Multi-tenant user management
Provisioning users into a single Azure Active Directory (Azure AD) tenant provides a unified view of resources and a single set of policies and controls. This approach enables consistent user lifecycle management.
Microsoft recommends a single tenant when possible. However, immediate consolidation to a single Azure AD tenant isn't always possible. Multi-tenant organizations may span two or more Azure AD tenants. This can result in unique cross-tenant collaboration and management requirements.
Organizations may have identity and access management (IAM) requirements that are complicated by:
mergers, acquisitions, and divestitures.
collaboration across public, sovereign, and or regional clouds.
political or organizational structures prohibiting consolidation to a single Azure AD tenant.
The guidance also provides guidance to help you achieve a consistent state of user lifecycle management. That is, provisioning, managing, and deprovisioning users across tenants using the tools available with Azure. Specifically, by using Azure AD B2B collaboration.
Azure AD B2B collaboration
Azure AD collaboration enables you to securely share your company's applications and services with external guest users. The users can come from any organization. Using Azure AD B2B collaboration helps you maintain control over access to your IT environment and data. Azure AD B2B collaboration can also be used to provide guest access to internal users. Traditionally, B2B guest user access is used to authorize access to external users that aren't managed by your own organization. However, guest user access can also be used to manage access across multiple tenants managed by your organization. While not truly a B2B solution, Azure AD B2B collaboration can be used to manage internal users across your multi-tenant scenario.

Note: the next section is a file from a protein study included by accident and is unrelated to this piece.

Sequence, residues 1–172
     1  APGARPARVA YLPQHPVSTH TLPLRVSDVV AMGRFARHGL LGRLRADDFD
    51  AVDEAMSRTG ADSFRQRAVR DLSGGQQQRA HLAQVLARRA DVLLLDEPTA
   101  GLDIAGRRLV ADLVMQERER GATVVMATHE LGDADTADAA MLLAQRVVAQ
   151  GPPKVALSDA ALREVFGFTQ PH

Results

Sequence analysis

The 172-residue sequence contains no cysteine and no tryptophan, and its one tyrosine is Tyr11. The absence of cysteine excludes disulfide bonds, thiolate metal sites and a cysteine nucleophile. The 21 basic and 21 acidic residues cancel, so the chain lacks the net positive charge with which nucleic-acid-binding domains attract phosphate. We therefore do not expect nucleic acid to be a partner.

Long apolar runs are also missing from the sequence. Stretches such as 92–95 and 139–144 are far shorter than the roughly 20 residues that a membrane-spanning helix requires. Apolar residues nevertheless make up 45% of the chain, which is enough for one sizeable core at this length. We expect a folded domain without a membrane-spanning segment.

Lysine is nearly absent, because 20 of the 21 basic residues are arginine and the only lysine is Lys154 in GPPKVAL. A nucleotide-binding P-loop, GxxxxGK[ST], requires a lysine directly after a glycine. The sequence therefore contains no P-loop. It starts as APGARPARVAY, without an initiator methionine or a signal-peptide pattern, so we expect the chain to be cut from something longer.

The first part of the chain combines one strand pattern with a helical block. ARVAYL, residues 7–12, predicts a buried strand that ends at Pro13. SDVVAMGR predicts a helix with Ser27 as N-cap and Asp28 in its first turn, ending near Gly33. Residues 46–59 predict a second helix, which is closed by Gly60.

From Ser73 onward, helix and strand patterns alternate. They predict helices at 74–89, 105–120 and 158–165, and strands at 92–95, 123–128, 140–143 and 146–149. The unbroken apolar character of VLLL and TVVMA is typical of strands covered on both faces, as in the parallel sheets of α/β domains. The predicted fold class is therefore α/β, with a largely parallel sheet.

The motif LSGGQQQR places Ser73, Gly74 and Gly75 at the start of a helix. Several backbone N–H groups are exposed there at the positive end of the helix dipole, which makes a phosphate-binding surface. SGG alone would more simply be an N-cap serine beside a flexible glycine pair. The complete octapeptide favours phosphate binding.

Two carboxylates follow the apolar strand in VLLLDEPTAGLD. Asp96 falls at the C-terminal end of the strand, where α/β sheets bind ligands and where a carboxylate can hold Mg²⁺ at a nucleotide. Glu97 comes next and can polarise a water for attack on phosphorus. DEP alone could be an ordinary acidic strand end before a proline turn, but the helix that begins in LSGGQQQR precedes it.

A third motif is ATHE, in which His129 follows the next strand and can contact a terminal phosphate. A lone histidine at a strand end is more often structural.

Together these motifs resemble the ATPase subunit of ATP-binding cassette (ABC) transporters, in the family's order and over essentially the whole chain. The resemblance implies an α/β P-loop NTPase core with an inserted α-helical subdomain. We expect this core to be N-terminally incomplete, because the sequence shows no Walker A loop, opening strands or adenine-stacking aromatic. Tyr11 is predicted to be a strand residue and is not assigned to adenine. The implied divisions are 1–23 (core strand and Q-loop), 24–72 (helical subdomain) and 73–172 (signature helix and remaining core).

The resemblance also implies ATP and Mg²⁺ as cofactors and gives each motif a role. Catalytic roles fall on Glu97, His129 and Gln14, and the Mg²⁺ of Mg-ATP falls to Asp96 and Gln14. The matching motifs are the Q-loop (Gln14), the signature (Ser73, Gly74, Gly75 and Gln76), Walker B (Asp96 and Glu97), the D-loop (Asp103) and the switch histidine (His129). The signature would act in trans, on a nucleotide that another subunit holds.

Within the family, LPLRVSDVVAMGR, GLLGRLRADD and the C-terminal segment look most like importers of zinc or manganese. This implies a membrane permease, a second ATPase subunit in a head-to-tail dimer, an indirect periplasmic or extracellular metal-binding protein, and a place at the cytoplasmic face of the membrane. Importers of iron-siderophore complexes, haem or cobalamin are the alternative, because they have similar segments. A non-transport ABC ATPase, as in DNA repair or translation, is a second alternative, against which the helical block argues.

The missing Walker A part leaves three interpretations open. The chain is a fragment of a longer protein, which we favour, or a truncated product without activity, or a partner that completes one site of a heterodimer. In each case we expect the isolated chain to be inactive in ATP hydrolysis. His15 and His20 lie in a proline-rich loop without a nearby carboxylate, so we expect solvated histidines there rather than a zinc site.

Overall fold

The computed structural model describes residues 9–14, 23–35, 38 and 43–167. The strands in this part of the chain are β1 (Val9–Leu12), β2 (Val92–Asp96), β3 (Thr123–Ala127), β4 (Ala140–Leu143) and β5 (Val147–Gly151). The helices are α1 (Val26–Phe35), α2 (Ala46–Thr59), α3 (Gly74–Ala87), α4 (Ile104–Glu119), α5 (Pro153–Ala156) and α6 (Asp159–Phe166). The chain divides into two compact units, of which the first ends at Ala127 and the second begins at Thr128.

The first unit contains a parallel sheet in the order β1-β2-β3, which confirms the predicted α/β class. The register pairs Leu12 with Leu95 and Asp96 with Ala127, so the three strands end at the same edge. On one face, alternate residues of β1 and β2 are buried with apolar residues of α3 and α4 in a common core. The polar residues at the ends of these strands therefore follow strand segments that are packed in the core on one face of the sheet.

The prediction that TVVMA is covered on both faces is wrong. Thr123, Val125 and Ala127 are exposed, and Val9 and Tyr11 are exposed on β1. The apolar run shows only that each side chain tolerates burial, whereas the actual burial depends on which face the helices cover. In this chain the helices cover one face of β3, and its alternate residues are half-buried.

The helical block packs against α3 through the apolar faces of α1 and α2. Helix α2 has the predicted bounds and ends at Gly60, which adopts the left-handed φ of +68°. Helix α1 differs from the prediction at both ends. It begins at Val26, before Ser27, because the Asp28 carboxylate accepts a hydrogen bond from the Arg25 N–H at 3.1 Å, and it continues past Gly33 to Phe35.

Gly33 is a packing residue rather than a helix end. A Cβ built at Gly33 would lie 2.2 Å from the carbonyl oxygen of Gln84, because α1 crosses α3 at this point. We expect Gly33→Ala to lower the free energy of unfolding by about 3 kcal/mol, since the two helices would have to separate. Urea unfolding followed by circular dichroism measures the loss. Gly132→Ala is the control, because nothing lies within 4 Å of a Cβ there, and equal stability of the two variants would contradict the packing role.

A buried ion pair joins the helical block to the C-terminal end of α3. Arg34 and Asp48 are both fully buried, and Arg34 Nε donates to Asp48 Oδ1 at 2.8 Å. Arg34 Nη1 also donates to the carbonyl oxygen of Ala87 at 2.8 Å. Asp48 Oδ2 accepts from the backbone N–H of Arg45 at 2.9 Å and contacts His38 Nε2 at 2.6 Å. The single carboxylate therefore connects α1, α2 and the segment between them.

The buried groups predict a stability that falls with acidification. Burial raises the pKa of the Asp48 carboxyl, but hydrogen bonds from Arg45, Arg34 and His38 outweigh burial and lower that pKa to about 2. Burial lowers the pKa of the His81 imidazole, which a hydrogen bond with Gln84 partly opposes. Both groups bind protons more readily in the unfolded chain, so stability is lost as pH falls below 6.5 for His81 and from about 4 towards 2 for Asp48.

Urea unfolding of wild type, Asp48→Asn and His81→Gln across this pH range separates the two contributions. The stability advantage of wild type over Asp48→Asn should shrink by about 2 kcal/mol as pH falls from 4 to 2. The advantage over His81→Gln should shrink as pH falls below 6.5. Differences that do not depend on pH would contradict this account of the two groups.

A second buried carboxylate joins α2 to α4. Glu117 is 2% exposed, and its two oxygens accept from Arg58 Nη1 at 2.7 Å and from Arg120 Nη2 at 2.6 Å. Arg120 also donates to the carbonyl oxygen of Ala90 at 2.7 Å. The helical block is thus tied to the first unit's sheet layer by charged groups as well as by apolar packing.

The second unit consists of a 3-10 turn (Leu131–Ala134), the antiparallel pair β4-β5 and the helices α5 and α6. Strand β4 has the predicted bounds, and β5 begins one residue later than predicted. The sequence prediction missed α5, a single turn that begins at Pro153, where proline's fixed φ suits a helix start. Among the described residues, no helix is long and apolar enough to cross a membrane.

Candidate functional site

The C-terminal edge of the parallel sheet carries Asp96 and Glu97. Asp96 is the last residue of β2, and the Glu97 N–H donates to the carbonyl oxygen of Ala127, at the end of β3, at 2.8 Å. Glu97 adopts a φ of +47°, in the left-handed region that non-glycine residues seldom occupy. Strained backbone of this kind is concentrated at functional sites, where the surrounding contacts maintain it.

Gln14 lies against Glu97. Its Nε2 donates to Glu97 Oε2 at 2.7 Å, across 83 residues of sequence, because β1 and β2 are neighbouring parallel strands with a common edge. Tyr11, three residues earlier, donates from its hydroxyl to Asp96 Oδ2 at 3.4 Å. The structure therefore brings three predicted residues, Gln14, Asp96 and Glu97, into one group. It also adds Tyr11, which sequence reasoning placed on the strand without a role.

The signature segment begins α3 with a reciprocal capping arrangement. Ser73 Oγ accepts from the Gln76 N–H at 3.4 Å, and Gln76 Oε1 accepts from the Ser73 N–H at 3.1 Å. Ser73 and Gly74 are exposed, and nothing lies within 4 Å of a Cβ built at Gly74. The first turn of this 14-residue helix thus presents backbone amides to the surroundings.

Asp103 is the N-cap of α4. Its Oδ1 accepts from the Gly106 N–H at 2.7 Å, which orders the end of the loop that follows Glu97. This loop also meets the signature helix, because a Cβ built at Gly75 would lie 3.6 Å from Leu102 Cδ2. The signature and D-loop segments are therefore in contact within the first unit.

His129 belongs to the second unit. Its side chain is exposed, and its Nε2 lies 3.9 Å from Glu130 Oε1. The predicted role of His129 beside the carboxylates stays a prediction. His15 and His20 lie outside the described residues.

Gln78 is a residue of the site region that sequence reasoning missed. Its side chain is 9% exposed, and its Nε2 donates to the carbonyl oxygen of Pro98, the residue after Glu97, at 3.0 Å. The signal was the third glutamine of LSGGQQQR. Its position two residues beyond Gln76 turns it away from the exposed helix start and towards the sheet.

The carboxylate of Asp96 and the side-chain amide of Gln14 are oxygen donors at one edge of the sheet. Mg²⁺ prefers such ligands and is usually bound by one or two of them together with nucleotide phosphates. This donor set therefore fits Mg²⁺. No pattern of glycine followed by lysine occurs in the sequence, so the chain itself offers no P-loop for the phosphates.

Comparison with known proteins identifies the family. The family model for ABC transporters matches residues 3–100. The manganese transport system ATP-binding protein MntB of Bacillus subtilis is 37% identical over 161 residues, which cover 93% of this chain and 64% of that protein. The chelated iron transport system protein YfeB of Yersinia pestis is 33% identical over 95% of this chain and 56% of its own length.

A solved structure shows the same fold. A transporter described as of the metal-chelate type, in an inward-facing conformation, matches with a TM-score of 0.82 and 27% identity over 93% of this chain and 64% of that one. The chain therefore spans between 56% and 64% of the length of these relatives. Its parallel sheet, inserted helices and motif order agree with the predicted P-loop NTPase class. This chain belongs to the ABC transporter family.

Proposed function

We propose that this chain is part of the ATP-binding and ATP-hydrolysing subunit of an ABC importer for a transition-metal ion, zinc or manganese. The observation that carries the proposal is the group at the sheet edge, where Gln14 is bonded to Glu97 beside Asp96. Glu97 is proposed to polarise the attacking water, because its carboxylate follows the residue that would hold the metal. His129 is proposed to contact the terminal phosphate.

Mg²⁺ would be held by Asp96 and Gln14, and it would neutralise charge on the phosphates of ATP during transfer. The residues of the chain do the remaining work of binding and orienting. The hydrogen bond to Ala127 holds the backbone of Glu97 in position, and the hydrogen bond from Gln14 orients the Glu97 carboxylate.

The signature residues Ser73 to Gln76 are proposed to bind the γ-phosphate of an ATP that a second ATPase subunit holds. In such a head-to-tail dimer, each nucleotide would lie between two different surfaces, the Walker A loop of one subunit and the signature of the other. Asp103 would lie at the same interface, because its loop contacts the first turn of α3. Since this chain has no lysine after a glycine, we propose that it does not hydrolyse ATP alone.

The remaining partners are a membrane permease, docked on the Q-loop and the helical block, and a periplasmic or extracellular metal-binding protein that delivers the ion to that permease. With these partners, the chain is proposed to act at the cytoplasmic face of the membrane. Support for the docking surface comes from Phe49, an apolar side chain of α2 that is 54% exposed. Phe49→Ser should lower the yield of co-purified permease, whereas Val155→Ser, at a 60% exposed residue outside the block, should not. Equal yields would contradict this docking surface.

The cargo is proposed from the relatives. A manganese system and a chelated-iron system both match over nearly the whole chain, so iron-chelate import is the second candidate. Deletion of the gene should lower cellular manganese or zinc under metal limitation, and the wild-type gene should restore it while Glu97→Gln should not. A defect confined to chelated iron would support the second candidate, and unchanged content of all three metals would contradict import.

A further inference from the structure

The following links provide additional information you can visit to find out more about Azure AD B2B collaboration:
|B2B best practices||Recommendations for the smoothest experience for your users and administrators.|